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Math Help - Finding exact solutions

  1. #1
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    Exclamation Finding exact solutions



    For a) this is my work:
    cos 2θ + cos θ = 0
    2 cos^2θ - 1 + cos θ = 0
    2cos^2θ + 1 cos θ = 1

    1) cos θ = 1
    2) 2cos θ + 1 = 1
    cos θ = 0

    I got those two equations above from factoring out the problem. However The answer in the back of the book says, 60, 180, 300 degrees. I know that what I got for an answer will not come out with those degrees. So can you help find what I did wrong? Thank you so much.
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  2. #2
    MHF Contributor harish21's Avatar
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    Quote Originally Posted by florx View Post


    For a) this is my work:
    cos 2θ + cos θ = 0
    2 cos^2θ - 1 + cos θ = 0
    2cos^2θ + 1 cos θ = 1

    1) cos θ = 1
    2) 2cos θ + 1 = 1
    cos θ = 0

    I got those two equations above from factoring out the problem. However The answer in the back of the book says, 60, 180, 300 degrees. I know that what I got for an answer will not come out with those degrees. So can you help find what I did wrong? Thank you so much.
    Only this part of your work is good:
    cos^{2}\theta + cos\theta = 0

    2 cos^{2}\theta - 1 + cos\theta = 0

    2cos^2\theta +cos\theta - 1 = 0............(1)

    you need to find the value of cos\theta. For that, suppose x=cos\theta in equation (1) to get:

    2x^2+ x - 1 =0

    Solve this quadratic equation for x, which is cos\theta
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  3. #3
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    Thank you for another yet excellent and helpful post.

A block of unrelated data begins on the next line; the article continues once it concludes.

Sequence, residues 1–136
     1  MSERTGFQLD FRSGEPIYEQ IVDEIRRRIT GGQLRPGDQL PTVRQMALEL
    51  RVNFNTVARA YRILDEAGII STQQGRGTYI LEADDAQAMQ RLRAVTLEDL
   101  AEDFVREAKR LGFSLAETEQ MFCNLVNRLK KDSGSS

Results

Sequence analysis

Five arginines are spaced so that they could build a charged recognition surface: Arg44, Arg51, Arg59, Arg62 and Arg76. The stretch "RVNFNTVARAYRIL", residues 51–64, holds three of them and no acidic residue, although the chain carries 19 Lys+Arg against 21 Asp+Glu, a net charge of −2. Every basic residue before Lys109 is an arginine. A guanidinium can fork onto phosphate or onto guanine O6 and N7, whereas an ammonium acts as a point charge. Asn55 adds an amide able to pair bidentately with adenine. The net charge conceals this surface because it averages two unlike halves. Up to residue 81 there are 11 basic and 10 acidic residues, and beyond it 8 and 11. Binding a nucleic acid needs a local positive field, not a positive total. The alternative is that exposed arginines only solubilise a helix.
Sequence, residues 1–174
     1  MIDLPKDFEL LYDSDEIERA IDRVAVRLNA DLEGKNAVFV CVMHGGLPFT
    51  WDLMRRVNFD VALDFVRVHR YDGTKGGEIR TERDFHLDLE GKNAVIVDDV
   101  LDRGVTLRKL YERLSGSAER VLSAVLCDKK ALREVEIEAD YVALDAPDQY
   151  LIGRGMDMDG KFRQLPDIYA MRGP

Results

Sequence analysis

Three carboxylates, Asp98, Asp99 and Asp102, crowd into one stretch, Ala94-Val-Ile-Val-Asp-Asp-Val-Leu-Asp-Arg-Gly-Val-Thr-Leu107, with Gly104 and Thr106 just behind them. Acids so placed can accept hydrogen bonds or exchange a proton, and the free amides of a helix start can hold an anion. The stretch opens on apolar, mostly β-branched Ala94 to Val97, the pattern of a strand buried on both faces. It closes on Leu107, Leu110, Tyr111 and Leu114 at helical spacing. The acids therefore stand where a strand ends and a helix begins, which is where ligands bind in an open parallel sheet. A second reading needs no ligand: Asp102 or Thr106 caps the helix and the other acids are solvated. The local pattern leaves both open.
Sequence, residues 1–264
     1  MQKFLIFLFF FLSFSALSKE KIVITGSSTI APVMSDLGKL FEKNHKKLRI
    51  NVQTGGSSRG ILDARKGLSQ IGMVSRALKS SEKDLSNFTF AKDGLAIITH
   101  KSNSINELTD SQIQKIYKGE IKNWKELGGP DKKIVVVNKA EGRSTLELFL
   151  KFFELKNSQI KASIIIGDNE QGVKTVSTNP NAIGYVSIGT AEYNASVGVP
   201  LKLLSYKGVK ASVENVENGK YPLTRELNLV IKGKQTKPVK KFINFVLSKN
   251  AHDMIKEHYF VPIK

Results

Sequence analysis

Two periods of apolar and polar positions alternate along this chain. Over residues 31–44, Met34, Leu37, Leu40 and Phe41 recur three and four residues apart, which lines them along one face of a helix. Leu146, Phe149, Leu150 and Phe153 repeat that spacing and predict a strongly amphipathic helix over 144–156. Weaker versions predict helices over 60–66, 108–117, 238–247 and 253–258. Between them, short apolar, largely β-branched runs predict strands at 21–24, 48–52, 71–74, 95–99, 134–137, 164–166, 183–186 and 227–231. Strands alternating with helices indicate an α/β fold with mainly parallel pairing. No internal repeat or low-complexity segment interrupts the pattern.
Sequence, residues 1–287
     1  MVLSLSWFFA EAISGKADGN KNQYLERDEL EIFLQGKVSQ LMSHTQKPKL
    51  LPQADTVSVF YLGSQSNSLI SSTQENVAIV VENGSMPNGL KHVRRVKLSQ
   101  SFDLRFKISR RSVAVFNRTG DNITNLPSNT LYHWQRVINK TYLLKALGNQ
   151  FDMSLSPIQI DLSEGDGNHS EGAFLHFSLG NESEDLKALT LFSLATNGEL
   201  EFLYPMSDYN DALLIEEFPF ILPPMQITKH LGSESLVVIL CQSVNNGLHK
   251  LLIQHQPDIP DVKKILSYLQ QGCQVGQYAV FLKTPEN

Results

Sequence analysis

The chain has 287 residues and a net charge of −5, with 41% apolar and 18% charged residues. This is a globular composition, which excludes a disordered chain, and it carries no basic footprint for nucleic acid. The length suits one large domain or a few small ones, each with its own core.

I had figured I made a mistake in typing up my initial problem solving. It was actually:

    cos 2θ + cos θ = 0
    2 cos^2θ - 1 + cos θ = 0
    2cos^2θ + cos θ = 1 (move the 1 over to the right side)
    cosθ(2cosθ + 1) = 1 (factor out the left side)

    And thus we would have
    1) cos θ = 1
    2) 2cos θ + 1 = 1
    cos θ = 0

    But it would have given a wrong answer none the less.

    I am wondering how come we leave the 1 on the left side and then factor out the left side and set the right side 0? I thought we would have to move over the 1 to the right side first and then factor out the left side and set it equal to 1...
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  4. #4
    MHF Contributor harish21's Avatar
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    Quote Originally Posted by florx View Post
    Thank you for another yet excellent and helpful post.

    I had figured I made a mistake in typing up my initial problem solving. It was actually:

    cos 2θ + cos θ = 0
    2 cos^2θ - 1 + cos θ = 0
    2cos^2θ + cos θ = 1 (move the 1 over to the right side)
    cosθ(2cosθ + 1) = 1 (factor out the left side)

    And thus we would have
    1) cos θ = 1
    2) 2cos θ + 1 = 1
    cos θ = 0

    THIS IS WRONG
    But it would have given a wrong answer none the less.

    I am wondering how come we leave the 1 on the left side and then factor out the left side and set the right side 0? I thought we would have to move over the 1 to the right side first and then factor out the left side and set it equal to 1...
    Without moving the 1 to the right side, you have:

    2cos^{2}\theta +cos\theta - 1 = 0

    Let u = cos\theta , which gives you:

    2x^2+x-1=0

    This is a quadratic equation fo the form ax^2+bx+c=0 where

    a = 2; b=1; c=-1

    x is given by \frac{-b \pm \sqrt{b^{2}-4ac}}{2a}


    Now solve for x. Solving for x will give you the value of

    cos\theta. From there, you can find out what the value(s) of

    \theta is(are).

    First of all try finding x from the quadratic equation, which will be equal to

    cos\theta
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